Gold is one of the highly sought-after metals in the world because of its worth and variety of uses. The precious metal is used in several ways: as a physical store of wealth by central banks, financial institutions, private investors etc; used in jewelry-making and medals; used in a wide range of electronic applications due to its high conductivity; for space exploration and other industrial purposes; and in medicine and dentistry. For most investors, gold is safe-haven investment due to the metal’s ability to maintain its value in times of global shocks and to hedge against inflation.
Global gold demand and consumption is on the rise. Generally, there are three broad categories of gold demand: Jewelry, industry and investment. According to estimates made by the U.S. Geological Survey, jewelry accounted for 47% of global gold consumption in 2022; physical bars 17%; 20% went to central banks and other institutions; official coins and medals and imitation coins consumed 9%; 6% in electrical and electronics; and 1% for other uses.
Gold production is a major business around the world, with the metal produced in over 40 countries. Based on data from the U.S Geological Survey, an estimated total of 3,100 tonnes of gold were produced worldwide in 2022. Out of this, the world’s top 10 gold-producing countries produced 1,910 tonnes equivalent to 61% of the global gold production. China, Australia and Russia alone contributed about 31% of the total global production. The largest gold producing countries in the world are not that far apart in their levels. Throughout, history countries like the United States, Australia and Russia have interchangeably ranked as largest gold producers in the world.
Since 2007, China has become a strong force to reckon with in gold production. In the latest report by U.S Geological Survey, China remains the world’s number one gold producing country, a position held for more than a decade. The country produced an estimated 330 tonnes of gold, which is a slight increase of the 2021’s production of 329 tonnes. The country is also the world’s leading consumer of gold jewelry.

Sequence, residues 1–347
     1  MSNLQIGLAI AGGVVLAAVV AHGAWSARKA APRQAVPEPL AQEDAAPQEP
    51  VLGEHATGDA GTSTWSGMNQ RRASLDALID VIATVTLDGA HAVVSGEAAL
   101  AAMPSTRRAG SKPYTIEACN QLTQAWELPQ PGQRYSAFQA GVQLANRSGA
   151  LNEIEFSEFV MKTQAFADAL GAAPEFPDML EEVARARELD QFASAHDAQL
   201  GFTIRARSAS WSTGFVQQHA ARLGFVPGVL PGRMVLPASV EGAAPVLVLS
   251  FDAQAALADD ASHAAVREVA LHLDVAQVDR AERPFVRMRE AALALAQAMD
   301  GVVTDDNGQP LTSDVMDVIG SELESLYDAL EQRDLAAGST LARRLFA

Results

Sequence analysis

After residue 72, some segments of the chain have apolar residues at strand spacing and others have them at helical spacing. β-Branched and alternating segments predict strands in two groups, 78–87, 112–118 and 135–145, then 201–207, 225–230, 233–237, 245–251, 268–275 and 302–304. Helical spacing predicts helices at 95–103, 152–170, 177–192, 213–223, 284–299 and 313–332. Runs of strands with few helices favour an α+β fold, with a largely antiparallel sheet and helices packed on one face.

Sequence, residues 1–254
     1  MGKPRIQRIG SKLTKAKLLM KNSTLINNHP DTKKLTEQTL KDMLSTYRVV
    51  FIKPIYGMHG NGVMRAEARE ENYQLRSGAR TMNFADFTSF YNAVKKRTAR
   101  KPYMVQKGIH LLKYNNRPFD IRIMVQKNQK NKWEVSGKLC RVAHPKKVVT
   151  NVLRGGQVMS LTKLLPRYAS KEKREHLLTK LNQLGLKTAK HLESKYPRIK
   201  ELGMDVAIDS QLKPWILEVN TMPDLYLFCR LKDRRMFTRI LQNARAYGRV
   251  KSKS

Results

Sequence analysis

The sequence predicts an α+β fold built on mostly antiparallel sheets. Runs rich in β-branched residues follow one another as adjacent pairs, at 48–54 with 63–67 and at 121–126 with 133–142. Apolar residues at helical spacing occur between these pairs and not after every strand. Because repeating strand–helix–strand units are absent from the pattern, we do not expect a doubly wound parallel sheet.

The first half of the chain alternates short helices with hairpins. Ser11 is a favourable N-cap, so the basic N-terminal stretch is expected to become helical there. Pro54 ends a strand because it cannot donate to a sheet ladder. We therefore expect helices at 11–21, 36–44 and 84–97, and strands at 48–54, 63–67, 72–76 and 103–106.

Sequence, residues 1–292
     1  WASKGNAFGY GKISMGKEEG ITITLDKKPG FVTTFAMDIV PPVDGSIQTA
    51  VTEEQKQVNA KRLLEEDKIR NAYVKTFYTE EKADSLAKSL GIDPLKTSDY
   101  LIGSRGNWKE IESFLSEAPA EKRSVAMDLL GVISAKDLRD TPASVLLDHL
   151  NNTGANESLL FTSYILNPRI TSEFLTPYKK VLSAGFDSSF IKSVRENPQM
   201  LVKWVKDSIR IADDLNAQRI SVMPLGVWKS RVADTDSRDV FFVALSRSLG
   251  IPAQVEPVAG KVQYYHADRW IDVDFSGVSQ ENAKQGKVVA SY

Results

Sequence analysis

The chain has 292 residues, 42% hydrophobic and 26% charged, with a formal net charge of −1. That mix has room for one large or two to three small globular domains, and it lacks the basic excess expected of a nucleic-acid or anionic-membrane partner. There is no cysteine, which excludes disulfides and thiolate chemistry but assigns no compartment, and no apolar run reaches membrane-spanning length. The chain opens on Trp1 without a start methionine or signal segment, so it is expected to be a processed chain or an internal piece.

In second place after China are Australia and Russia, both with 320 tonnes of gold production. Whilst Russia recorded no change in production as compared to the previous year’s production, Australia’s production went up by 5 tonnes, producing 315 tonnes in 2021.
Maintaining its fourth position is Canada with an estimated 220 metric tonnes of gold produced in 2022. This represents a decline by 3 tonnes of the 2021 production of 223 tonnes.
After recording a successive decline in gold production, the United States of America stands as the fifth largest producer of the metal with an estimated 170 metric tonnes of gold produced in 2022. This is a reduction in the country’s gold production by 17 metric tonnes of the previous year’s production of 187 metric tonnes.
Mexico and Kazakhstan are sixth on the list both with 120 metric tonnes of production in 2022. In comparison to the previous year, Mexico’s production remained unchanged whilst Kazakhstan recorded a production increase of 4 metric tonnes.
South Africa is eighth on the list with an estimated gold production of 110 metric tonnes in 2022 after producing 107 metric tonnes in 2021. This makes South Africa the highest gold producing country in Africa ahead of Ghana which produced an estimated 90 metric tonnes of gold in 2022.
Peru and Uzbekistan share the ninth position with both countries producing an estimated 100 metric tonnes of gold in 2022. Peru’s gold output indicates an increase in production by 3 metric tonnes of their gold output in 2021 whilst Uzbekistan’s production remained unchanged from their 2021 output.